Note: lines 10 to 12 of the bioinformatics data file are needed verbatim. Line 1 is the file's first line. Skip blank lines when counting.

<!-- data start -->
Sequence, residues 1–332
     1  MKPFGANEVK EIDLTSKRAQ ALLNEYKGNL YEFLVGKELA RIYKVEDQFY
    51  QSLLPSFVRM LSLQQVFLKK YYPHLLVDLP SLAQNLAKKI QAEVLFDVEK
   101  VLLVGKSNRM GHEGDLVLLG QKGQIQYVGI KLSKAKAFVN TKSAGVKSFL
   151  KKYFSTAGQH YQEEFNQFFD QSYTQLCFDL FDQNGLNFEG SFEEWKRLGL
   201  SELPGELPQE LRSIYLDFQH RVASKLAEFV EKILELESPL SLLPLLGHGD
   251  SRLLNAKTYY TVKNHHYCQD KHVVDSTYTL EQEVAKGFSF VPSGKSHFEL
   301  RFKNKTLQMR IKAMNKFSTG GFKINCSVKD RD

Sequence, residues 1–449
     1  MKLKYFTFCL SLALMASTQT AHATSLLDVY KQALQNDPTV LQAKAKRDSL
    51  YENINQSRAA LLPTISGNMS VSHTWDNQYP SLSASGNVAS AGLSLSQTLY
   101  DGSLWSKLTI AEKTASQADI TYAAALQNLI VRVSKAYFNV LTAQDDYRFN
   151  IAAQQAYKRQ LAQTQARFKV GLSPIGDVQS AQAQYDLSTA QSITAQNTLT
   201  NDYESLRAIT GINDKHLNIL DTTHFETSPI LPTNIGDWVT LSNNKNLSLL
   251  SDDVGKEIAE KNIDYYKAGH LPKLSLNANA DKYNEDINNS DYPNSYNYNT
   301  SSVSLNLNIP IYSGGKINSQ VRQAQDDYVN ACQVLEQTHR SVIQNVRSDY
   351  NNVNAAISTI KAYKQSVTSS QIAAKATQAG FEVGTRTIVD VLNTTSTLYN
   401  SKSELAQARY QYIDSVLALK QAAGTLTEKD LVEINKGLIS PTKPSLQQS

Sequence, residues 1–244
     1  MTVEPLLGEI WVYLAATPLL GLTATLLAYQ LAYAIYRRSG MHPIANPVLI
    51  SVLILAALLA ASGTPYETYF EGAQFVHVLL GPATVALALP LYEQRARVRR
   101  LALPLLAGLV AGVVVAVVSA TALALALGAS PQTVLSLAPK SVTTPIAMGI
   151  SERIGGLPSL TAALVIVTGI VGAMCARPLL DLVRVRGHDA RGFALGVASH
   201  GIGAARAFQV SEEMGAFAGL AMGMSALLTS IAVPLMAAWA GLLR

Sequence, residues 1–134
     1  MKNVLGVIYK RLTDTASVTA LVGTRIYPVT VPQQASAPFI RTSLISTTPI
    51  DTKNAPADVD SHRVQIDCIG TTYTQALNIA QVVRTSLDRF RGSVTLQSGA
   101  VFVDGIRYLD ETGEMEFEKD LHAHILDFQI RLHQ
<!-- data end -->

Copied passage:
     1  MKLKYFTFCL SLALMASTQT AHATSLLDVY KQALQNDPTV LQAKAKRDSL
    51  YENINQSRAA LLPTISGNMS VSHTWDNQYP SLSASGNVAS AGLSLSQTLY
   101  DGSLWSKLTI AEKTASQADI TYAAALQNLI VRVSKAYFNV LTAQDDYRFN